Al-Asalah Society also withdrew from the competition over the seats of the parliament in districts that were completely in its grasp, including the first district in Muharraq, which was monopolized by the prominent Salafist leader Adel Al-Moawada (he was appointed in the Shura Council), and the eighth district in Muharraq, which was won three times by the President of the Society Ghanem Al-Buainain before he was appointed as Minister for Shura and Parliament Affairs.
Therefore, despite the limited powers granted by the King to the House of Representatives under the 2002 Constitution, the authorities pushed even the pro-government parties backwards. It opted, for foreign and domestic considerations, for ending the party-parliamentary experience and replace it with an "independent Parliament" as the last parliament, which was dominated by 37 independent MPs who have no political or partisan experience.
An opposition leader told "Bahrain Mirror" that "the king has not fulfilled his promises to develop the parliamentary experience. He is retreating from the project he had announced (...) Instead of becoming a great monarchy, the authorities opted for a parliament that consists of independent MPs, with no place even for the pro-government parties."
The opposition parties; however, had the lion share of the government's targeting. One month after the 2014 parliamentary elections held in November 2014, which were boycotted by Al-Wefaq, Bahraini authorities arrested the senior leader of the country's largest political party, Sheikh Ali Salman, and raised charges against him including "obstructing the political process and inciting hatred against the regime."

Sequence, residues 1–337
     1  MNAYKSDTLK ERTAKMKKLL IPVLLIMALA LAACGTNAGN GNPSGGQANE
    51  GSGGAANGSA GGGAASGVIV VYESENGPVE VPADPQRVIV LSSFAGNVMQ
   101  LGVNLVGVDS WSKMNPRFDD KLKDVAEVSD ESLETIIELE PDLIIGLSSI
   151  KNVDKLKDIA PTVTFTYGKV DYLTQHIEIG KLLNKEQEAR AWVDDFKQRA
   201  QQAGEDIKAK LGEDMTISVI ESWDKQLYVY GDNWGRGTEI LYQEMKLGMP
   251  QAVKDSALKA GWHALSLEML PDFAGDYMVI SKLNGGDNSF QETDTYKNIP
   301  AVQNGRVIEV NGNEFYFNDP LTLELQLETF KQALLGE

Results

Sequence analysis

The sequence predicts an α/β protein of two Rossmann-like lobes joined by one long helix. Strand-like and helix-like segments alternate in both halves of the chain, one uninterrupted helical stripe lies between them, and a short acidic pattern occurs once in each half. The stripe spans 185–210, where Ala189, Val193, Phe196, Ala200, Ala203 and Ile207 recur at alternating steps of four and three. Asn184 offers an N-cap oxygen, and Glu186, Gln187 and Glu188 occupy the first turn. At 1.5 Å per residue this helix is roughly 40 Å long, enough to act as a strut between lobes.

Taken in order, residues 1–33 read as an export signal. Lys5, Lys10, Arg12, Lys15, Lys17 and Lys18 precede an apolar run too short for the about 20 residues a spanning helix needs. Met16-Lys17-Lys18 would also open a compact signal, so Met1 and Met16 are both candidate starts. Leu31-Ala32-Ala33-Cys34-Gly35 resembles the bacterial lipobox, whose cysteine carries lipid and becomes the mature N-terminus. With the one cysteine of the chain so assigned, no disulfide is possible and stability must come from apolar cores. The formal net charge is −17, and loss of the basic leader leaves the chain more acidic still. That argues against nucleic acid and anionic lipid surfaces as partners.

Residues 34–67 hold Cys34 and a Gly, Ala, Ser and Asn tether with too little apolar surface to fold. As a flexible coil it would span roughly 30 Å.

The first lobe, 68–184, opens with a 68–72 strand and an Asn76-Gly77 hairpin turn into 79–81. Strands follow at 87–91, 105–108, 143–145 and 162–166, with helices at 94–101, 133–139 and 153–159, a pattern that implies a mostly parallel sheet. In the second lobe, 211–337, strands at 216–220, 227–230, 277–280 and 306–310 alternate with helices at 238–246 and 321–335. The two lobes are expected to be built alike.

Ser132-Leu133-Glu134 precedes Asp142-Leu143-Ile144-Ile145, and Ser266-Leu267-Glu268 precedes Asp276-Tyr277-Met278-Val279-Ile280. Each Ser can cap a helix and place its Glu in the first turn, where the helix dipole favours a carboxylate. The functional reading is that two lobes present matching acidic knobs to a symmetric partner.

A court sentenced Sheikh Ali Salman to four years in prison before the authorities dissolved Al-Wefaq Society, accusing it of "targeting the principle of respect for the rule of law and the foundations of citizenship based on coexistence, tolerance, respect for others, providing an environment for terrorism, extremism and violence, as well as the invocation of external interference in national affairs". All of these are false accusations, which the practices of Al-Wefaq contradict.
Almost a year after the dissolution of Al-Wefaq, the authorities dissolved Wa'ad (Secular) Society, the second largest opposing political party. Following these harsh measures against the opposition, the King issued a decree on (June 11, 2018), banning the members of dissolved political associations from running for the House of Representatives, in what seems to be a new attempt to tighten the authorities' grip on the political opposition a few months before the parliamentary elections.
Opposition leader, Ali Al-Aswad, said at the time that the decree aimed at eliminating the opposition, adding that "the targeting is primarily against Wa'ad and Al-Wefaq."
The royal decree thus abolished the idea of full political participation. Opposition parties and their members do not have the right to run for the legislative elections which the king announced to be held on November 24. With the withdrawal of pro-government parties due to the Gulf Coalition's position against Islamists in general and the Muslim Brotherhood in particular, Bahrain is the only country in the world that awaits legislative elections without any parties.
التعليقات المنشورة لا تعبر بالضرورة عن رأي الموقع